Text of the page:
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Poll:
Evangelicals Might Look Beyond GOP to a Third-Party
Candidate

Poll:
Evangelicals Might Look Beyond GOP to a Third-Party
Candidate

More than half of white evangelical Republicans would consider voting for a conservative third-party candidate should the 2008 presidential race pit Hillary Rodham Clinton against Rudy Giuliani, a poll said Wednesday. The finding, in a survey by the nonpartisan Pew Research Center, was the latest reading of discontent among one of the GOP's cornerstone voting blocs. Giuliani, the leading Republican contender in most national polls, is a former New York mayor whose views on abortion, gays, and guns are considered too moderate by many conservatives.

More than half of white evangelical Republicans would consider voting for a conservative third-party candidate should the 2008 presidential race pit Hillary Rodham Clinton against Rudy Giuliani, a poll said Wednesday.

The finding, in a survey by the nonpartisan Pew Research Center, was the latest reading of discontent among one of the GOP's cornerstone voting blocs. Giuliani, the leading Republican contender in most national polls, is a former New York mayor whose views on abortion, gays, and guns are considered too moderate by many conservatives.

According to the poll, 55% of white evangelical Republicans said they would consider a conservative who ran as a third-party candidate. Forty-two percent said they would not.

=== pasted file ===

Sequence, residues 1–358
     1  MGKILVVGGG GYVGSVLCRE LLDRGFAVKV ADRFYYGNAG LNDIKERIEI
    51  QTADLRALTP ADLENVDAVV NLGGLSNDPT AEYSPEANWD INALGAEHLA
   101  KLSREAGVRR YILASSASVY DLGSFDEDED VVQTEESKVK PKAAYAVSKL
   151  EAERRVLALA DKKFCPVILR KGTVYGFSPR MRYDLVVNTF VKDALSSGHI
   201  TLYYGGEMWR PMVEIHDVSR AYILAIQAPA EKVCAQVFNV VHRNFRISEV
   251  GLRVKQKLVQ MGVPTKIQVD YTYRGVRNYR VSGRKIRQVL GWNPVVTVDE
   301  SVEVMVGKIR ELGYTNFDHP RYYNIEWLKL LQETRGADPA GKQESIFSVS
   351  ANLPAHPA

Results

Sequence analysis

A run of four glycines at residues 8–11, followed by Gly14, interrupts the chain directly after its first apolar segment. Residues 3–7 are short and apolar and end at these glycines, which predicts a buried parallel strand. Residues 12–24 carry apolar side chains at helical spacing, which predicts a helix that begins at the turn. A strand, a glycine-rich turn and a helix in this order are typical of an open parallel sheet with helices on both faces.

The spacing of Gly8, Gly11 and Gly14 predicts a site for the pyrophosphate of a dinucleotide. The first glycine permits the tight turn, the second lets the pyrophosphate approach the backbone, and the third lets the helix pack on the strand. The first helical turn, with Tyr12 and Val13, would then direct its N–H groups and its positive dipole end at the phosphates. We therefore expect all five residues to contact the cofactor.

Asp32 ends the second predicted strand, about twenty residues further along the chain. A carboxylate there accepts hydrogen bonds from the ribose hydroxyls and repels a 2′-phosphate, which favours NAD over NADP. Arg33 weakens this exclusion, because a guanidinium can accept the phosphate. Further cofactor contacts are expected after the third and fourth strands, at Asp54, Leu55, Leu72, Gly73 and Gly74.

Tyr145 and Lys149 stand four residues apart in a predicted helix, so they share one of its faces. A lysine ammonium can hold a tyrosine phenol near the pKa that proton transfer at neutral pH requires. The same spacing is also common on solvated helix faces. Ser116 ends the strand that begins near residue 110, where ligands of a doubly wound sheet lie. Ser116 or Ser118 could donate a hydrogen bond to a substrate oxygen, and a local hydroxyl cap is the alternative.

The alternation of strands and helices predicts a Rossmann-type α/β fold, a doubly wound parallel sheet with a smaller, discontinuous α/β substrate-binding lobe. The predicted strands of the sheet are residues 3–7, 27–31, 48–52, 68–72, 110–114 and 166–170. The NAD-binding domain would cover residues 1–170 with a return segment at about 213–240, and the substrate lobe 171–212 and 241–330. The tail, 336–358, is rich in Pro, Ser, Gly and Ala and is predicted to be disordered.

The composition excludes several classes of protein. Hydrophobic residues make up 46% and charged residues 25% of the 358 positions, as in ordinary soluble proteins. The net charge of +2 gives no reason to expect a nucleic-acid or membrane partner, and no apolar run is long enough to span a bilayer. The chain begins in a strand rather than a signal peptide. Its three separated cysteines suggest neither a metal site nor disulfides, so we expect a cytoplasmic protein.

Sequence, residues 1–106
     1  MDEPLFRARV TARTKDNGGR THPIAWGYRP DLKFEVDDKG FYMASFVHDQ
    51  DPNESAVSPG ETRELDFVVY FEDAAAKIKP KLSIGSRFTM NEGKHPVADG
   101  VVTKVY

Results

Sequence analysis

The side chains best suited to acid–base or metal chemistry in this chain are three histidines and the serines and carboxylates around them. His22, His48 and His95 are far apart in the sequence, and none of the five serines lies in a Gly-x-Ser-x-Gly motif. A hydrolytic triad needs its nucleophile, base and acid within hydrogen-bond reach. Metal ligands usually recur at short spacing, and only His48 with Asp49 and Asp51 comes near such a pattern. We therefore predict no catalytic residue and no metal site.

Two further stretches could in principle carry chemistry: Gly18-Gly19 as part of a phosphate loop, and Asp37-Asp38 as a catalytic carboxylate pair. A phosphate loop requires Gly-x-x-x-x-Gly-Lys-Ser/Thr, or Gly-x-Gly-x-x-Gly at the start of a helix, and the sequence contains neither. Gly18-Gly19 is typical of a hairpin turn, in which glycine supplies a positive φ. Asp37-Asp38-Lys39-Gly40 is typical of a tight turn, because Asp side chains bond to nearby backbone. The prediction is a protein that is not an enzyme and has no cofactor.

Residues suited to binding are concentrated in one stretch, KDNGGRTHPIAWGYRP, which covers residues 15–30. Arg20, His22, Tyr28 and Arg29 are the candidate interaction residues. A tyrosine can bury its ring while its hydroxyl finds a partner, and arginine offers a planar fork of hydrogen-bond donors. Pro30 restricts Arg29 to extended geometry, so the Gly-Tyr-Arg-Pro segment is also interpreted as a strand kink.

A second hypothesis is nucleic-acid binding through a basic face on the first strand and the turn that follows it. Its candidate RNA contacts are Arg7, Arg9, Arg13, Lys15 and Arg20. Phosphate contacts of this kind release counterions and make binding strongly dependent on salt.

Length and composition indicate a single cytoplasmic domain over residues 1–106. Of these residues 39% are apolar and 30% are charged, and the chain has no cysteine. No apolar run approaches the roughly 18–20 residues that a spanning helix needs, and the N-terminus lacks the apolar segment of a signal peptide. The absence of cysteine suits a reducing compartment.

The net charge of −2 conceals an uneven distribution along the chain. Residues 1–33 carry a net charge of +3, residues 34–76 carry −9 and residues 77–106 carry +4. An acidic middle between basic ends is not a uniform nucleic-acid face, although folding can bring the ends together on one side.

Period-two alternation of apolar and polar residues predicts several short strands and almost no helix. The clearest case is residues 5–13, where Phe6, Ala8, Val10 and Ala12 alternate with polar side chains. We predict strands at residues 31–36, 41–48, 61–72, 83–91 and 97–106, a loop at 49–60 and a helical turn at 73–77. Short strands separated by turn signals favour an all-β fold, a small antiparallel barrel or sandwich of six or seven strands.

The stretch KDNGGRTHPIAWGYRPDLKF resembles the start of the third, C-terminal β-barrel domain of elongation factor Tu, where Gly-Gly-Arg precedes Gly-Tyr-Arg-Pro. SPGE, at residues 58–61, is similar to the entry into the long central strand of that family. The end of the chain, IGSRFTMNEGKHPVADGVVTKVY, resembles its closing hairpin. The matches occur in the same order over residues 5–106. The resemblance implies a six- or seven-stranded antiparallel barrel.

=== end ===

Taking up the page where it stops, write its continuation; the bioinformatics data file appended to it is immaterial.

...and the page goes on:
Evangelicals make up 34% of GOP and Republican-leaning voters, according to Pew. They are divided about evenly among Giuliani, Fred Thompson, and Sen. John McCain of Arizona.

It is unclear whether a third-party bid would be launched should Giuliani become the GOP nominee. Several dozen conservative Christian leaders met privately in September to discuss that possibility, but top evangelicals said they have reached no consensus.

The evangelicals' dissatisfaction reflects a general GOP discontent. According to the Pew poll, Republicans are less likely than Democrats to say that their own party is concerned about people like themselves, can bring needed change, or is more honest or ethical.

Overall, 50% of Americans identified themselves as Democrats or leaning toward Democrats, compared to 36% who consider themselves Republicans or GOP leaners, Pew found. That is the largest gap in almost 20 years of Pew surveys, and a big change since 2002, when the two parties were even at 43% each.

Clinton, the senator from New York, leads Democratic contenders in national polls.

The poll involved telephone interviews with 2,007 people conducted from October 17 to 23. It had a margin of sampling error of plus or minus 2.5 percentage points. That included 648 Republicans and GOP-leaners, for whom the margin of sampling error was plus or minus 4.5 points. (AP)

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